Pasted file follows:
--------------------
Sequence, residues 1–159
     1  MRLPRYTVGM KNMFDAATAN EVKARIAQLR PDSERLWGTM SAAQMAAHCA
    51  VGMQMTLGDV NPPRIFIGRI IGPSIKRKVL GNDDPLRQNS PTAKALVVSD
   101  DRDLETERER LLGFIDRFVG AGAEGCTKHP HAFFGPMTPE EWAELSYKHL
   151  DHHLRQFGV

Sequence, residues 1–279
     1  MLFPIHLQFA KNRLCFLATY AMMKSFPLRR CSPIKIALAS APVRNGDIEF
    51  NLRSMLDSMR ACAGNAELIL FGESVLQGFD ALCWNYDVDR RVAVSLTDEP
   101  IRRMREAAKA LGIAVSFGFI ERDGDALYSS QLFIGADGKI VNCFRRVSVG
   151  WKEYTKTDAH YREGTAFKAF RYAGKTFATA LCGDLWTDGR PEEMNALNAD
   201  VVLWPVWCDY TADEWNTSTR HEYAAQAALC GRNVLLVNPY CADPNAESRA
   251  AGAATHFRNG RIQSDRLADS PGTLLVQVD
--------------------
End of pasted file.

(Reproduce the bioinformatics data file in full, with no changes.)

Sequence, residues 1–159
     1  MRLPRYTVGM KNMFDAATAN EVKARIAQLR PDSERLWGTM SAAQMAAHCA
    51  VGMQMTLGDV NPPRIFIGRI IGPSIKRKVL GNDDPLRQNS PTAKALVVSD
   101  DRDLETERER LLGFIDRFVG AGAEGCTKHP HAFFGPMTPE EWAELSYKHL
   151  DHHLRQFGV

Sequence, residues 1–279
     1  MLFPIHLQFA KNRLCFLATY AMMKSFPLRR CSPIKIALAS APVRNGDIEF
    51  NLRSMLDSMR ACAGNAELIL FGESVLQGFD ALCWNYDVDR RVAVSLTDEP
   101  IRRMREAAKA LGIAVSFGFI ERDGDALYSS QLFIGADGKI VNCFRRVSVG
   151  WKEYTKTDAH YREGTAFKAF RYAGKTFATA LCGDLWTDGR PEEMNALNAD
   201  VVLWPVWCDY TADEWNTSTR HEYAAQAALC GRNVLLVNPY CADPNAESRA
   251  AGAATHFRNG RIQSDRLADS PGTLLVQVD